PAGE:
Tube to keep the airway open (airway stent)

A stent is a hollow tube that may be placed in your airway. It opens the narrowed area and helps you breathe.

Your doctor puts the stent in place using a procedure called a bronchoscopy. They put a narrow, flexible tube called a bronchoscope down your windpipe (trachea) and into your airways.

You normally have this as an outpatient or day case procedure in the endoscopy unit.

When do you have an airway stent for lung cancer?

If your airway is partly blocked by a lung cancer it can make it hard to breathe. Your doctor might suggest that you have a tube called a stent put into the airway to keep it open. This can help you to breathe more easily.

Before having an airway stent

Your doctor or specialist nurse explains what happens and how they do the treatment. They ask you to sign a consent form saying that you agree to have the procedure. You can ask them any questions that you have. Tell them about any medicines you are taking.

Take your medicines as normal unless your doctor tells you otherwise. You might need to stop any blood thinning medicines before your treatment but your doctor will let you know.

You have the procedure under sedation or general anaesthesia. Sedation will make you relaxed and sleepy. It is not the same as a general anaesthetic, but you shouldn’t eat or drink anything from midnight of the night before the procedure. Only drink clear fluids up to 4 hours before your visit to the hospital. 

Some hospitals allow you to have just water for up to 2 hours before surgery and sips of water until surgery.

Having an airway stent

In the endoscopy department, a nurse will ask you to change into a gown. Then they show you into the treatment room.

Once you are lying on the couch, an anaesthetist gives you a sedative through a small tube put into a vein in your hand. This means you will be sleepy and relaxed and won’t feel anything during the procedure.

Your doctor then sprays a local anaesthetic onto the back of your throat. They put a long, thin, flexible tube called a bronchoscope down your throat and into the airway.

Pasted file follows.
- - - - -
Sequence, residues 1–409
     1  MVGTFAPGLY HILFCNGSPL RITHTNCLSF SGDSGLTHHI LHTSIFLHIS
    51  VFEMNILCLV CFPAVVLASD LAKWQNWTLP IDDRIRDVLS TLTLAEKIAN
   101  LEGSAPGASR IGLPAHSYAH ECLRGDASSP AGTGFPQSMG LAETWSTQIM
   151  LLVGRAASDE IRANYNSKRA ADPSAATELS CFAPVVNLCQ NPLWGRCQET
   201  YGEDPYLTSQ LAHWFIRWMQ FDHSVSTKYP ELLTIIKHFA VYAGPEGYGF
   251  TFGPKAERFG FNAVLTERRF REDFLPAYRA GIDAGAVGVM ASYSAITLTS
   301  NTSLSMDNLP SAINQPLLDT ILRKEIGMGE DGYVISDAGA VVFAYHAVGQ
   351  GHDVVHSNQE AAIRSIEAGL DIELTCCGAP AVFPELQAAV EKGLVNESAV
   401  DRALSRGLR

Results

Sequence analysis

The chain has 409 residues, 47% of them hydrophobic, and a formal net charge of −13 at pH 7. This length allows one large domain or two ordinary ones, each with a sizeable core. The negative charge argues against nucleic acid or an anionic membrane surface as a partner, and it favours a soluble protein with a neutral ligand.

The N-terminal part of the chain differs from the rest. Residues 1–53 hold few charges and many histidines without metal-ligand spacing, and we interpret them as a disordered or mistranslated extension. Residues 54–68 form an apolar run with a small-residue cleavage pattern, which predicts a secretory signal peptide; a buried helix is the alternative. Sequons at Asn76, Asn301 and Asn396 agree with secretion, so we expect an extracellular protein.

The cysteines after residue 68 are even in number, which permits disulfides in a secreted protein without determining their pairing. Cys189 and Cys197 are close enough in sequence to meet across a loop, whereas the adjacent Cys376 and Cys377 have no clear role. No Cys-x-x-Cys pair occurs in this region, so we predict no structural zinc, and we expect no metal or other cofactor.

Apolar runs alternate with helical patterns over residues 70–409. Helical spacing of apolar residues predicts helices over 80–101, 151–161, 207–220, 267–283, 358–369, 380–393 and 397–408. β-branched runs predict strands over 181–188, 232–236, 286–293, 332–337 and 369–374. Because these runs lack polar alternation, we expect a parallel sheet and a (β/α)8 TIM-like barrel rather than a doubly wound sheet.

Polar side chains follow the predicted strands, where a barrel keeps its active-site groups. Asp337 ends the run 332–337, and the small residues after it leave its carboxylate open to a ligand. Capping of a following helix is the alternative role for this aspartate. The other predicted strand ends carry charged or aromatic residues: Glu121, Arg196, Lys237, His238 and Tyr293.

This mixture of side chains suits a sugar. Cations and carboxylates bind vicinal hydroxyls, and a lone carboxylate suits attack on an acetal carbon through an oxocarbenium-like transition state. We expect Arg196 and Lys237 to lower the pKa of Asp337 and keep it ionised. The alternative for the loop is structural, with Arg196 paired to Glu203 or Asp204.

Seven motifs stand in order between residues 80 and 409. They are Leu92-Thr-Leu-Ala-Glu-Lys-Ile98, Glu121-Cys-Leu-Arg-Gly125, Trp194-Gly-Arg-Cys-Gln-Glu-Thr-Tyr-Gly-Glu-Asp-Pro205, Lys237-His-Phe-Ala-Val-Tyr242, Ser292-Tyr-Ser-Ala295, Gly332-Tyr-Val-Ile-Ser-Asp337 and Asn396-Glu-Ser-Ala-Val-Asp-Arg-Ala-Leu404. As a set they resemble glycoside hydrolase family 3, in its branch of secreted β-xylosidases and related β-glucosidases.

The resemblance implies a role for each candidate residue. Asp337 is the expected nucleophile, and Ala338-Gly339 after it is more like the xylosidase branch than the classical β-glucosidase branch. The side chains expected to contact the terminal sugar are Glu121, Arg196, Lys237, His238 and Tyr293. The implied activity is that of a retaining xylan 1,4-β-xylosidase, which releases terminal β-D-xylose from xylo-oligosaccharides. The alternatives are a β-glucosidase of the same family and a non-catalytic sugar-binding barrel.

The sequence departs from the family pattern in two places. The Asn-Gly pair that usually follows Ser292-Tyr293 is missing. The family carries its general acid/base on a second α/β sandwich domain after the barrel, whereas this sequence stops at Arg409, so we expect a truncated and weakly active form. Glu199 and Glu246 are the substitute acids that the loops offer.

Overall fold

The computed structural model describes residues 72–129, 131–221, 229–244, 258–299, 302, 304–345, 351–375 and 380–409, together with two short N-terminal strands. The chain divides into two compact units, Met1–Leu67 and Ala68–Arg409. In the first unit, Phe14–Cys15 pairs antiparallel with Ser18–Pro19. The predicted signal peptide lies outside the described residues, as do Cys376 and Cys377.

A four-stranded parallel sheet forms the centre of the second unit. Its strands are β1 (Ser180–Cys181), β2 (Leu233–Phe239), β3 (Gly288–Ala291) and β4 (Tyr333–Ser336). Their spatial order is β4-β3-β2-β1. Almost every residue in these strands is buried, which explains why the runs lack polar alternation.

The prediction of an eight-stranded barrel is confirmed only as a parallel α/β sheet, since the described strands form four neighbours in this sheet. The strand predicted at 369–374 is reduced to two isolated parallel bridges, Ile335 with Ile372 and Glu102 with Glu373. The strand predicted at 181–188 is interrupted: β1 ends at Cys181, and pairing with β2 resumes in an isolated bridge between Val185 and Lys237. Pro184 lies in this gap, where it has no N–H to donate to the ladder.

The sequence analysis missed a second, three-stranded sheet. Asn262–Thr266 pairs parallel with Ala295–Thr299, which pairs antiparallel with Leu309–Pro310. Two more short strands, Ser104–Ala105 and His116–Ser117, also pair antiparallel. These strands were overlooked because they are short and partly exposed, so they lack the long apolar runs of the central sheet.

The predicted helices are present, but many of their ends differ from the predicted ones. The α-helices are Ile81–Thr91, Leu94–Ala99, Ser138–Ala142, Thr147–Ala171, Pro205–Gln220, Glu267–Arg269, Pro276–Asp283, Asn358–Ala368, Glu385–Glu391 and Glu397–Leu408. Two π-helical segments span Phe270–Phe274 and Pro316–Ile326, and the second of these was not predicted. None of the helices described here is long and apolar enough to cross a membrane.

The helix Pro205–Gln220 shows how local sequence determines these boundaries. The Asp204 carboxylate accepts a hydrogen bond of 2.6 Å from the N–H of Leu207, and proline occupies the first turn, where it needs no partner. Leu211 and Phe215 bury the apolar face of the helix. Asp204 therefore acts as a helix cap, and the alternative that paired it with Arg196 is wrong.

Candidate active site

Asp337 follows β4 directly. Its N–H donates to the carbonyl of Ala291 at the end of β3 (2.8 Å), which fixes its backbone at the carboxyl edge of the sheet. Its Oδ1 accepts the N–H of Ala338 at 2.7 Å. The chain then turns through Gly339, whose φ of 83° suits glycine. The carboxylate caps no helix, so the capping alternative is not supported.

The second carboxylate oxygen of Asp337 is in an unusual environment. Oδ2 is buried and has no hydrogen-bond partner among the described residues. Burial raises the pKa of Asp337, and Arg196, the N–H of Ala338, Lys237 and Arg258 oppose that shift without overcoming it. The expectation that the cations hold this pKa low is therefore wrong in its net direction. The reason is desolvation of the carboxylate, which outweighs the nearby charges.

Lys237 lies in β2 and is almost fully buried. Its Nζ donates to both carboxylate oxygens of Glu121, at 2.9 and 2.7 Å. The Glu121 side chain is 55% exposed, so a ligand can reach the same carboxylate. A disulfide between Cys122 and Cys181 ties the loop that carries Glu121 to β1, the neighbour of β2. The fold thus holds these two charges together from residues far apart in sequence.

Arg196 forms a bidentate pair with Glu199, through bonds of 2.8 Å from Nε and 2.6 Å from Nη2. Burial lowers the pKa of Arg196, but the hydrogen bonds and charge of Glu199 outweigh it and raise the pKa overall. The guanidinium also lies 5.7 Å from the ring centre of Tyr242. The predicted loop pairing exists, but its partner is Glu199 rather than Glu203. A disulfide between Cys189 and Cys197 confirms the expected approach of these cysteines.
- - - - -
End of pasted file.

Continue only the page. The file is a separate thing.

Diagram showing a bronchoscopy

When the bronchoscope tube is in the right place, the doctor pushes the stent down the bronchoscope. As the stent comes out of the end of the tube, it opens up and pushes the walls of the airway open.

Diagram showing an airway stent

After having an airway stent

After your procedure, you can eat and drink once the sedative has worn off. You might feel a bit confused and drowsy, but you won’t remember your treatment.

You should be able to breathe more easily than before having the airway stent. You can get changed into your own clothes once you feel less sleepy.

You will spend a few hours on the hospital ward. Your nurses will make sure you have fully recovered. You should be able to go home the same day but take things easy for a day or so afterwards.

You shouldn’t drive until the day after the test because of the sedative. Someone should collect you from the hospital and ensure you get home safely.

Some people stay overnight to help them completely recover from the procedure.

Side effects

A sore throat and a hoarse voice

You might have a sore throat and a hoarse voice for a couple of days after the test because of the bronchoscopy tube.


This almost always settles once the local anaesthetic has worked.

Possible risks after having an airway stent

Having an airway stent is a very safe procedure but your nurse will tell you who to contact if you have any problems afterwards.

The possible risks include:


You might see a small amount of blood in your spit after the procedure. Let your doctor or nurse know if this doesn’t go away or gets worse.

Chest infection

See your GP straight away if your phlegm (sputum) changes colour, you start feeling more breathless or you have a temperature.

Needing extra oxygen

You might need oxygen through a mask for a short time. It is not usually more than an hour after your bronchoscopy, but this can vary. If you normally have oxygen at home you might need to have more than usual for a little while.

A collapsed lung (pneumothorax)

Air can collect in the space around the lung and make it collapse, but this is rare. Contact a doctor if you become short of breath or have chest pain. If this happens, usually the team caring for you will keep an eye on you, and it usually goes on its own. Rarely, your doctor might need to put a tube into the lung to remove the air.

The stent moving and blocking the airway

The stent moving is very rare. Contact your doctor or nurse straight away if you suddenly feel very breathless or cough up the stent.

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